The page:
Marion A. Brown. The Second Bank of the United States and Ohio (1803-1860): A Collision of Interests. Lewiston, N.Y.: Edwin Mellen Press, 1998. ix + 286 pp. $89.95 (cloth), ISBN 978-0-7734-8354-5.
Reviewed by Larry Schweikart (Department of History, University of Dayton)
Published on EH.Net (January, 1999)
Although controversy about the Second Bank of the United States--and Andrew Jackson's "war" on it (predating James Carville's "war" on Ken Starr)--has quieted down recently, there is still much work to be done, especially at the local/state level. Marion Brown's Second Bank of the United States and Ohio helps fill some of that void.
Brown, who is a professor of history at the University of Cincinnati's College of Applied Science, traces the local reaction and responses in Ohio to the First and Second Banks of the United States (BUS). She provides evidence, mostly from local and regional newspapers, but also from manuscript sources, on the citizenry's view of events surrounding the "monster." While she supplies a great deal of evidence that Ohioans felt the impact of the Banks, she does not make clear what the political and/or economic perspective of the writers was. For example, one is often left wondering if the editorialists and writers in the newspapers were city fathers? Respected leaders? "Hotheads?" Were they pro- or anti-bank people? And why?
In short, we have a book with considerable research that often does not provide the underlying political or economic structure to determine what that research means. One thing is clear: Brown has read many studies, but does not necessarily understand them, or, at least, recapitulate them accurately. For example, she refers to studies done by Charles Calormiris (which she misspells both times) and myself that showed that Ohio's banks were relatively better off than those of other northern states after the Panic of 1857 not because of the state systems or the safety fund, but because of the widespread branch network. Indeed, there is little discussion throughout of branching in the private sector. However, Brown adequately discusses the implications of the BUS's branches and their impact.
Throughout, however, in addition to the absence of context for many of the statements by editorialists and writers of the day, there is a complete lack of economic context, particularly monetary and banking theory. For example, Brown cites Fenstermaker's 1965 study on Biddle and the BUS's ability to influence the U.S. economy, but Peter Temin and Richard Timberlake, writing more recently, have shown that the BUS's operations were too small to affect the economy. Now she may be right that locals perceived things differently, but that is not her argument. By attempting to portray the struggle as "vigilant Ohioans guard[ing] against any incursions upon their independence and liberty," she simplifies the political debates that occurred not only in Ohio but throughout the nation.
The book would have benefited greatly from a solid discussion of monetary and banking principles of the day. There is nothing to explain what specie reserves meant to local customers. Was a high reserve good? How did people know that the bank was issuing too much money? What did people expect out of banks? What was the difference between note issue and loans? Why were branches opposed? Why was free banking not considered a more enticing alternative to the BUS? Brown's discussions of the Second BUS would have benefited from a thorough reading of Timberlake and David Martin, not to mention writers of the day, such as William Gouge and William Leggett. In other words, too often it is unclear what fundamental principles--what "mindset," in modern slang--the various actors worked from.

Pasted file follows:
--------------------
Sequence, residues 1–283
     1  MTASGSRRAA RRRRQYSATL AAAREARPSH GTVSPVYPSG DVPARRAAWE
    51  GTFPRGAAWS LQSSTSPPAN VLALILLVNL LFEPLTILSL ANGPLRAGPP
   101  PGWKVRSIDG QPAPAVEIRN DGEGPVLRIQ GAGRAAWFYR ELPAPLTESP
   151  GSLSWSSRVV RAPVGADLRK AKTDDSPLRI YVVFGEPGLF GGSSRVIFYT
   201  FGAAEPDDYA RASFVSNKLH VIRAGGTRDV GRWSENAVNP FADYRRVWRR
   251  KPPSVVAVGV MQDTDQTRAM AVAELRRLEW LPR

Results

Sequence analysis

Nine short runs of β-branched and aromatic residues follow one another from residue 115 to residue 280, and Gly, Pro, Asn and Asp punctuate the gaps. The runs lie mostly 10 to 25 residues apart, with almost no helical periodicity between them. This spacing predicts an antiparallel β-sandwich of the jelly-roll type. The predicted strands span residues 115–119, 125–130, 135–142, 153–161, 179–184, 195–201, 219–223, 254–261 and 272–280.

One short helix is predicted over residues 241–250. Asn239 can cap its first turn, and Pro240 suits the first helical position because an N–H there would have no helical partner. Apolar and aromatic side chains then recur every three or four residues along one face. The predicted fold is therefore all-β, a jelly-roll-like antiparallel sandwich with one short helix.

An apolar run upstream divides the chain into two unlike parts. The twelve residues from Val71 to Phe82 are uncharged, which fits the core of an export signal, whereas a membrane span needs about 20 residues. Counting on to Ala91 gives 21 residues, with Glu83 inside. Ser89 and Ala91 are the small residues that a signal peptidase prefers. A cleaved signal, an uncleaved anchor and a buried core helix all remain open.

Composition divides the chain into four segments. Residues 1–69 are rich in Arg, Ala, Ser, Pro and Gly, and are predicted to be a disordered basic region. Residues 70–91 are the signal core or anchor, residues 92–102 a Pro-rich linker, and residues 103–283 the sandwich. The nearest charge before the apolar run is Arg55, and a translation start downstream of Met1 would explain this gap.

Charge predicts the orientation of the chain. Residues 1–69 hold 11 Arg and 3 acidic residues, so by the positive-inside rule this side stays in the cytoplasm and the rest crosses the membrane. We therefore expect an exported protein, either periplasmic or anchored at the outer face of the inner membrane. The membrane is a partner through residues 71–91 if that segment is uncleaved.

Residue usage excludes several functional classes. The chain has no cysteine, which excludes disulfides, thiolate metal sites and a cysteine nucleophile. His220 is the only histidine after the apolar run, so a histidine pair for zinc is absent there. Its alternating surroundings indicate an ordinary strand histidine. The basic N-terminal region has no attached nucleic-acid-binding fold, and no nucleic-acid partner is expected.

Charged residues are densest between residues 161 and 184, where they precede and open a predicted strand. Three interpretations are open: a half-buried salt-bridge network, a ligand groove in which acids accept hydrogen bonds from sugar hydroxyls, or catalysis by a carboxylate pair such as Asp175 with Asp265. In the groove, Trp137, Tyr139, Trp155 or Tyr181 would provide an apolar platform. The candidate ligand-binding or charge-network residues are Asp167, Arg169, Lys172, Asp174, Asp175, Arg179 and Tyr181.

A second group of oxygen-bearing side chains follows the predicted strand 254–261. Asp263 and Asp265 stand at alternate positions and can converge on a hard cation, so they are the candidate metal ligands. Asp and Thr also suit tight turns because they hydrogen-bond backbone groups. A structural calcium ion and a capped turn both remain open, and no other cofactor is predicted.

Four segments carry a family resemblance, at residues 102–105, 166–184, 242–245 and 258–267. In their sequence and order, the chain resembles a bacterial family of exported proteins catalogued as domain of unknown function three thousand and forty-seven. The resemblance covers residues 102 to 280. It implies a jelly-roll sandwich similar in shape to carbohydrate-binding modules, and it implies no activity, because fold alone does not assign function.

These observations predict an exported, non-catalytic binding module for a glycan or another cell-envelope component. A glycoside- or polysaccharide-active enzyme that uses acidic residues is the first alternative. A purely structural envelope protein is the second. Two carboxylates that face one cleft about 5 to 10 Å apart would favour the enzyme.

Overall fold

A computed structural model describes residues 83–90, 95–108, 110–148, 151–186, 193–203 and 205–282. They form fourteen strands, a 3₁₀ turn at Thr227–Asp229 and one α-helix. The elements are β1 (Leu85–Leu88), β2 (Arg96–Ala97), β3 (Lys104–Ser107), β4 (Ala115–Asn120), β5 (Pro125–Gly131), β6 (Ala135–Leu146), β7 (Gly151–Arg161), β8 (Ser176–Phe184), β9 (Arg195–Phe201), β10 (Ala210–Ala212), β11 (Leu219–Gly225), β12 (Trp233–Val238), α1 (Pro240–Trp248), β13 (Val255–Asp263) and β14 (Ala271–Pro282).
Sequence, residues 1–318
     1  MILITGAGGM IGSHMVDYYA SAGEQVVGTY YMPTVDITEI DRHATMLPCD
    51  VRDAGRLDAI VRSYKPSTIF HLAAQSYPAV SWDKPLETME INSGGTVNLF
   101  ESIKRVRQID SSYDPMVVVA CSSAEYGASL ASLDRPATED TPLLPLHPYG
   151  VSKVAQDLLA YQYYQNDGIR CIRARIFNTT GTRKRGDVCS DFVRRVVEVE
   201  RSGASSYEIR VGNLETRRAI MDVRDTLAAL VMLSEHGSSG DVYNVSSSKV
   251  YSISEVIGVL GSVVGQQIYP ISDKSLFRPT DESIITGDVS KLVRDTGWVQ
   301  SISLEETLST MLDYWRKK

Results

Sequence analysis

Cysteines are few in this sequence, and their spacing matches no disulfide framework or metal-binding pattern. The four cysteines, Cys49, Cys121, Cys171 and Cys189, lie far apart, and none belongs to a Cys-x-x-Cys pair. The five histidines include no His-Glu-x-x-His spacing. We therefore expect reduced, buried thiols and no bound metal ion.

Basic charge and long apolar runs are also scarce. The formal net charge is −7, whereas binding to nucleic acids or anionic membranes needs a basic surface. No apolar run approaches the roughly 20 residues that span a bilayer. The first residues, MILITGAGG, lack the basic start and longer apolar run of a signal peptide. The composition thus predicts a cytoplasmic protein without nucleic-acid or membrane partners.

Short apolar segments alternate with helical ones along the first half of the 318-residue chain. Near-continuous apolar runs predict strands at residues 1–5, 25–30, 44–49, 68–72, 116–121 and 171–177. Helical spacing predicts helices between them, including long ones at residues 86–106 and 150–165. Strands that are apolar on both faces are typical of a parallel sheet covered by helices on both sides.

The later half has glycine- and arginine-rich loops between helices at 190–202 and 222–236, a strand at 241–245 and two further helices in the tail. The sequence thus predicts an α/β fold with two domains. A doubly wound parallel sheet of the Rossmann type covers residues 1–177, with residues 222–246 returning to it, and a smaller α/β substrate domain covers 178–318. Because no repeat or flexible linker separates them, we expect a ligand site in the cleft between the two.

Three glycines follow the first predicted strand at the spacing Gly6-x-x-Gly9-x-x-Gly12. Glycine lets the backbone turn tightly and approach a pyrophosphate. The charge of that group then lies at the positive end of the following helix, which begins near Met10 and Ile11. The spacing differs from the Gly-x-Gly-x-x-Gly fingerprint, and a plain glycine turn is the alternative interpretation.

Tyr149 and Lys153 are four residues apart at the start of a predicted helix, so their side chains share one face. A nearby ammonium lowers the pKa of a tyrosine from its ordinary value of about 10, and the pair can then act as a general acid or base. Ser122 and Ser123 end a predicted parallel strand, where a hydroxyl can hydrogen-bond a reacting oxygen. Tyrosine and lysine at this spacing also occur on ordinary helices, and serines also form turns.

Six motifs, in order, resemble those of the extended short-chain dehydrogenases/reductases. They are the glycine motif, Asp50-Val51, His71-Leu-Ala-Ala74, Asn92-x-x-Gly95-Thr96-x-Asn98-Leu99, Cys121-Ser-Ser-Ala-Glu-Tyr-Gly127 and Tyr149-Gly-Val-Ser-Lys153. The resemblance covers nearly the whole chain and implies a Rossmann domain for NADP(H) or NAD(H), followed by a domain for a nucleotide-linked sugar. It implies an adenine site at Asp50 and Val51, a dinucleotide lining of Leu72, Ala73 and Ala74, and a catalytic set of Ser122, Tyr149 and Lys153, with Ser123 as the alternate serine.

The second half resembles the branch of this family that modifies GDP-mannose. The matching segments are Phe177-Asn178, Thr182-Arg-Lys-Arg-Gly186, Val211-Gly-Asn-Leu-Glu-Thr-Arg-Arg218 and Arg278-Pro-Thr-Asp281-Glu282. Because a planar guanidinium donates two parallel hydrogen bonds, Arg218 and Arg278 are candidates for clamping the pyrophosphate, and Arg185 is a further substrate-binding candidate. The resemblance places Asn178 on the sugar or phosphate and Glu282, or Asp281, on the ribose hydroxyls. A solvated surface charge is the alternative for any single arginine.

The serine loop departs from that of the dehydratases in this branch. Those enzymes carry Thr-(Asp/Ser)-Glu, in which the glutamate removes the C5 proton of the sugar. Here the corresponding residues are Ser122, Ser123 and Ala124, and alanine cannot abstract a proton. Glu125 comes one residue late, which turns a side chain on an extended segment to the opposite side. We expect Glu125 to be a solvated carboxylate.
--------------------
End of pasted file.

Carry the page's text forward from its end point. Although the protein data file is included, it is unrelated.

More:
Her study is, however, exceptionally valuable when it comes to detailing the interactions between the BUS and its branches, pointing out the critical value of honesty in branch managers. Brown's careful discussion of several scandals shows that trust was a "symbol of safety" in antebellum banking. She also does a fine job of showing the difficulty of evaluating talent--aside from honesty--of the BUS administrators, who had to deal with distant employees in an era when communications were, by our standards, primitive. On the other hand, there is little appreciation for how the politicization of the banking system, like the postal system, was primarily a function of the Jacksonian Democrats and not the Whigs; or of how the creation of mass parties by the Jacksonians made the BUS "evil" only when it was controlled by political opponents. While Brown concludes that Ohioans were hostile to the BUS, it is ultimately not clear if this is because they (mistakenly) blamed the BUS for problems in the state economy that could have been mitigated by better state banking laws allowing private banks to branch, or because the critics were more effective than the defenders.
The Second Bank of the United States and Ohio, in short, is a contribution--and in some places an excellent contribution--but it fails to explain how, and why, there was a "collision of interests" and whether both, or either, or those "interests" were justified in their positions.
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Larry Schweikart. Review of Brown, Marion A., The Second Bank of the United States and Ohio (1803-1860): A Collision of Interests.
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